Module Example
       Public Sub Main()
          Dim one1 As Double = .1 * 10
          Dim one2 As Double = 0
          For ctr As Integer = 1 To 10
             one2 += .1
          Next
          Console.WriteLine("{0:R} = {1:R}: {2}", one1, one2, one1.Equals(one2))
          Console.WriteLine("{0:R} is approximately equal to {1:R}: {2}", 
                            one1, one2, 
                            IsApproximatelyEqual(one1, one2, .000000001))   
       End Sub 
    
       Function IsApproximatelyEqual(value1 As Double, value2 As Double, 
                                     epsilon As Double) As Boolean 
          ' If they are equal anyway, just return True. 
          If value1.Equals(value2) Then Return True 
    
          ' Handle NaN, Infinity. 
          If Double.IsInfinity(value1) Or Double.IsNaN(value1) Then 
             Return value1.Equals(value2)
          Else If Double.IsInfinity(value2) Or Double.IsNaN(value2)
             Return value1.Equals(value2)
          End If 
    
          ' Handle zero to avoid division by zero 
          Dim divisor As Double = Math.Max(value1, value2)
          If divisor.Equals(0) Then
             divisor = Math.Min(value1, value2)
          End If  
    
          Return Math.Abs(value1 - value2)/divisor <= epsilon           
       End Function 
    End Module 
    ' The example displays the following output: 
    '       1 = 0.99999999999999989: False 
    '       1 is approximately equal to 0.99999999999999989: True
    using System;
    
    public class Example
    {
       public static void Main()
       {
          double one1 = .1 * 10;
          double one2 = 0;
          for (int ctr = 1; ctr <= 10; ctr++)
             one2 += .1;
    
          Console.WriteLine("{0:R} = {1:R}: {2}", one1, one2, one1.Equals(one2));
          Console.WriteLine("{0:R} is approximately equal to {1:R}: {2}",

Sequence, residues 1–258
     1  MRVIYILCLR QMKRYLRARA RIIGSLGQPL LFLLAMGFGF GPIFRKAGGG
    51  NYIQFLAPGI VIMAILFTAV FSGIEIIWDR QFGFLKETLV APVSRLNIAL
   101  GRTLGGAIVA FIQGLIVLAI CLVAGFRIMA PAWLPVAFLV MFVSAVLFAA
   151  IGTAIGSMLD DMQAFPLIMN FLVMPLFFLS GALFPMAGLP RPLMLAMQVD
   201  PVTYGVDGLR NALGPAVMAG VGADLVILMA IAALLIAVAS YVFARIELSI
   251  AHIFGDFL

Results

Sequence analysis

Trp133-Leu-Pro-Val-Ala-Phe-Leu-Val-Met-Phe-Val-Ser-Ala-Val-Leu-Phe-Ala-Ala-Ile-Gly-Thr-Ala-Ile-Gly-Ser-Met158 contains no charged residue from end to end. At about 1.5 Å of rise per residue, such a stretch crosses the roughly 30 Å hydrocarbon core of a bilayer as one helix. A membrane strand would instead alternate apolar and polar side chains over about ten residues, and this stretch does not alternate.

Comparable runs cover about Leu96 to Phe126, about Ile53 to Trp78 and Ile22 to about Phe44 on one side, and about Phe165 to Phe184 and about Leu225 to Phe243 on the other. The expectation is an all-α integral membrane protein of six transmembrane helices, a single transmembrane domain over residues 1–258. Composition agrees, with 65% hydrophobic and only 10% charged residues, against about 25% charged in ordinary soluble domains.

one1, one2, 
                            IsApproximatelyEqual(one1, one2, .000000001));   
       }
    
       static bool IsApproximatelyEqual(double value1, double value2, double epsilon)
       {
          // If they are equal anyway, just return True. 
          if (value1.Equals(value2))
             return true;
    
          // Handle NaN, Infinity. 
          if (Double.IsInfinity(value1) | Double.IsNaN(value1))
             return value1.Equals(value2);
          else if (Double.IsInfinity(value2) | Double.IsNaN(value2))
             return value1.Equals(value2);
    
          // Handle zero to avoid division by zero 
          double divisor = Math.Max(value1, value2);
          if (divisor.Equals(0)) 
             divisor = Math.Min(value1, value2);
    
          return Math.Abs(value1 - value2)/divisor <= epsilon;           
       } 
    }
    // The example displays the following output: 
    //       1 = 0.99999999999999989: False 
    //       1 is approximately equal to 0.99999999999999989: True

Floating-Point Values and Exceptions

Unlike operations with integral types, which throw exceptions in cases of overflow or illegal operations such as division by zero, operations with floating-point values do not throw exceptions. Instead, in exceptional situations, the result of a floating-point operation is zero, positive infinity, negative infinity, or not a number (NaN):

  • If the result of a floating-point operation is too small for the destination format, the result is zero. This can occur when two very small numbers are multiplied, as the following example shows.

    Module Example
       Public Sub Main()
          Dim value1 As Double = 1.1632875981534209e-225
          Dim value2 As Double = 9.1642346778e-175
          Dim result As Double = value1 * value2
          Console.WriteLine("{0} * {1} = {2}", value1, value2, result)
          Console.WriteLine("{0} = 0: {1}", result, result.Equals(0.0))
       End Sub 
    End Module 
    ' The example displays the following output: 
    '       1.16328759815342E-225 * 9.1642346778E-175 = 0 
    '       0 = 0: True
    using System;
    
    public class Example
    {
       public static void Main()
       {
          Double value1 = 1.1632875981534209e-225;
          Double value2 = 9.1642346778e-175;
          Double result = value1 * value2;
          Console.WriteLine("{0} * {1} = {2}", value1, value2, result);
          Console.WriteLine("{0} = 0: {1}", result, result.Equals(0.0));
       }
    }
    // The example displays the following output: